Making Jerky

Jerky is a classic camp and trail food, and by making it yourself, you can experiment with meats and seasonings to create your own custom campfire cuisine.

| November 19, 2009

  • Camp Cooking book
    “Camp Cooking: A Practical Handbook” details every aspect of living and eating well in the wild, from safely maintaining a proper campfire to catching, cleaning and preparing large and small game animals.
    SKYHORSE PUBLISHING
  • Making jerky
    While jerky can be made in camp, it’s easier to dry it at home and carry it for lunches and snacks.
    ISTOCKPHOTO/KIMBERLY DEPREY

  • Camp Cooking book
  • Making jerky

The following is an excerpt from Camp Cooking: A Practical Handbook  by Fred Bouwman ( Skyhorse Publishing , 2009). The excerpt is from Chapter 1: Meat.  

Jerky is any lean, red meat that has been lightly cured with a solution of salt and spices and then dried, either mechanically or naturally. The typical routine for pre-industrial hunters, whether of this age or in times past, was to gorge themselves with fresh meat at the place of the kill and dry the rest over slow, smoky fires. The drying process not only preserves meat by removing much of the water content (therefore making it unpalatable to bacteria); it also reduces the weight substantially. A pound of fresh meat ends up as about 4 ounces of jerky.

Jerky is dried — not cooked — meat. Simply and basically, one only has to apply slow heat, on the order of 100 to 125 degrees Fahrenheit, until the meat is dry. This process is made easier and tastier, however, by applying some sort of a salt cure beforehand.

Jerky can be made in camp, of course, but there’s no reason to do so outside of a survival situation. Make your jerky at home, where the process can be done efficiently and almost effortlessly, and use the finished product for trail meals, snacks or lunches while in camp.



To make jerky, take any lean meat — wild or tame — and cut it into 1/8- to 1/4-inch-wide strips, cutting against the grain if possible. Cutting with the grain will result in a little chewier product, but is not a big problem if the structure of the chunk of meat you’re cutting makes it expedient to cut it that way. Trim every piece of fat you possibly can from the meat. Remember, you are drying — not cooking — the meat, and fat left in quantity will turn rancid.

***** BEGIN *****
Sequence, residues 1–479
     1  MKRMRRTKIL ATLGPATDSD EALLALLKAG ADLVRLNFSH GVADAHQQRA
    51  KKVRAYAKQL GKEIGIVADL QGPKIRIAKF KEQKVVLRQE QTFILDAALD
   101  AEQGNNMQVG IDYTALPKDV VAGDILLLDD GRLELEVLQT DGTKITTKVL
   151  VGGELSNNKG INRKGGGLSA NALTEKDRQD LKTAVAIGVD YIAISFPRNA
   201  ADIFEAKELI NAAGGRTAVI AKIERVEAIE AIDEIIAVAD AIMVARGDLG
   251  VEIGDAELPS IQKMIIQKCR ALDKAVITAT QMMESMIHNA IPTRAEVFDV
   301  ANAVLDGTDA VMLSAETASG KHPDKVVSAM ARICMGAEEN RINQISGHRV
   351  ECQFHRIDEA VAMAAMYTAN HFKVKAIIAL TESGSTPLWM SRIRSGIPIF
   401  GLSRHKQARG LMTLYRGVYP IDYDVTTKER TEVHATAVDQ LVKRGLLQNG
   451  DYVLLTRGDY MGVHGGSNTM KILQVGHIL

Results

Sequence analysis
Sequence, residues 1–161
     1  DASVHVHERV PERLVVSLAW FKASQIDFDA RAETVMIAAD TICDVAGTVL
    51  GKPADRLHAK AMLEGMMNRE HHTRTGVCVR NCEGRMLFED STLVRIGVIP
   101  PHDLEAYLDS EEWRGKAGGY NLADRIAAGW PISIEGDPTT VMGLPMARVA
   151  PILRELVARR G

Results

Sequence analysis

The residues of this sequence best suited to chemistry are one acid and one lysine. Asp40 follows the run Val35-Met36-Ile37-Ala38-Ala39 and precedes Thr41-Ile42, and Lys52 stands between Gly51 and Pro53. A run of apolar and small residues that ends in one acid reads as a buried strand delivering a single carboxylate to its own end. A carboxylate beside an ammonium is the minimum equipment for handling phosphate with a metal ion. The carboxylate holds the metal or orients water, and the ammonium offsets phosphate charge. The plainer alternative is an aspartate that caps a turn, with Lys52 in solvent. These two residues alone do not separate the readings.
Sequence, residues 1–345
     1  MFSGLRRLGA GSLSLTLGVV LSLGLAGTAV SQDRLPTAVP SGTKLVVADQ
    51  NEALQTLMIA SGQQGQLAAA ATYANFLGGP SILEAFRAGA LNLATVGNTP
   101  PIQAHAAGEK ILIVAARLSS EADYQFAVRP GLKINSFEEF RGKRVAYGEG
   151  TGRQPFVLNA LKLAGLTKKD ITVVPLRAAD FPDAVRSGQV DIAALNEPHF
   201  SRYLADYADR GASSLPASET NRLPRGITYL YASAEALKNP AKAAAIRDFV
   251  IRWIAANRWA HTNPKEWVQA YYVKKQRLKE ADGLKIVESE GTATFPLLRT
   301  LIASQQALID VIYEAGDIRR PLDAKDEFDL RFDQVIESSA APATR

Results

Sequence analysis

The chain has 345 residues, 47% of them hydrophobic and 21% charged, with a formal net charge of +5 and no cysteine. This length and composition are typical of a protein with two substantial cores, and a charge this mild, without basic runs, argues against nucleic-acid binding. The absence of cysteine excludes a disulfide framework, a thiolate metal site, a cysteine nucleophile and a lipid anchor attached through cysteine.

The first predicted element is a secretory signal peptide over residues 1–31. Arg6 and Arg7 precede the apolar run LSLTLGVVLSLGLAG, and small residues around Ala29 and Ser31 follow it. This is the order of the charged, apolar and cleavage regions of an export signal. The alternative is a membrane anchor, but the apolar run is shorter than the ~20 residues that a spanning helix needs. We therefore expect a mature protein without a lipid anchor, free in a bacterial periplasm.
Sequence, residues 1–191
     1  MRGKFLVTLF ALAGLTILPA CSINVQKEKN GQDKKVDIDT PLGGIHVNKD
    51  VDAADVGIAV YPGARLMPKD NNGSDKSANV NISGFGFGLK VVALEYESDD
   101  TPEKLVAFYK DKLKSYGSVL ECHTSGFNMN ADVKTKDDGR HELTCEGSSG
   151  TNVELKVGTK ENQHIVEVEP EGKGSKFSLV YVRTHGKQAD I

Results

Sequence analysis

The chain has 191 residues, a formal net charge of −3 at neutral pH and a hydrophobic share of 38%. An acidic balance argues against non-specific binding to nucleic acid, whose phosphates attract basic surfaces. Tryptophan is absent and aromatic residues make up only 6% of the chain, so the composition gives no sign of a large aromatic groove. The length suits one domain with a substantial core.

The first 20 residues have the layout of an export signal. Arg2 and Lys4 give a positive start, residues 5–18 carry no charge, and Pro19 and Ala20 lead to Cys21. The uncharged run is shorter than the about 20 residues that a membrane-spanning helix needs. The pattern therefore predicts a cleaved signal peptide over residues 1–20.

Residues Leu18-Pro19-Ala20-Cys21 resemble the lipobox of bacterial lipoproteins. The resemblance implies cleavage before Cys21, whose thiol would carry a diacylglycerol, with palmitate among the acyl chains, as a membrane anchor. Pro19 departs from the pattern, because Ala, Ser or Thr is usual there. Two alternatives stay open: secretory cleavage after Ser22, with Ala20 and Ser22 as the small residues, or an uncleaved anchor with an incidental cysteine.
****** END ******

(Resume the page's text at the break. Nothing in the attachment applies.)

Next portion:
The next step is the salt cure. The simplest way is just to use a strong solution of salt and water. This can be improved with the addition of various spices, as you will see in the jerky recipe below. Leave the meat in the cure overnight under refrigeration. The salt will draw the juices, blood and some of the moisture from the meat strips, replacing them with salt and spices.

Rogersan
11/30/2017 9:56:10 PM

The Excalibur dehydrators work really well. I have also found that the longer you can marinade your meat the better so I go 1-2 days or more if possible.


Rogersan
11/30/2017 9:56:08 PM

The excalibur dehydrators work really well. I had food harvest types in the past but they don't dry as evenly etc. The recommended setting is a little too high though for me. I like the jerky dried around 125 degrees not the 145-155 that is recommended. It tastes better when it is softer and pliable and not dried out and dead. Like Dakota Woman I cross cut on the grain then marinade. It is easier to thin cut venison if it is frozen then partially thawed in about 1/4 inch thick strips.


Jeff RC
3/9/2012 6:12:46 PM

I've made jerky on a homemade smoker w/ a slow burning fire but I'm getting more interested in a serious food smoker. Would be good to have in hard times. Does anyone have any suggestions on the best way to make jerky? Here's a site I found that has good prices for smokers, dehydrators this type of thing. www.livinggreen.ws/Food.html







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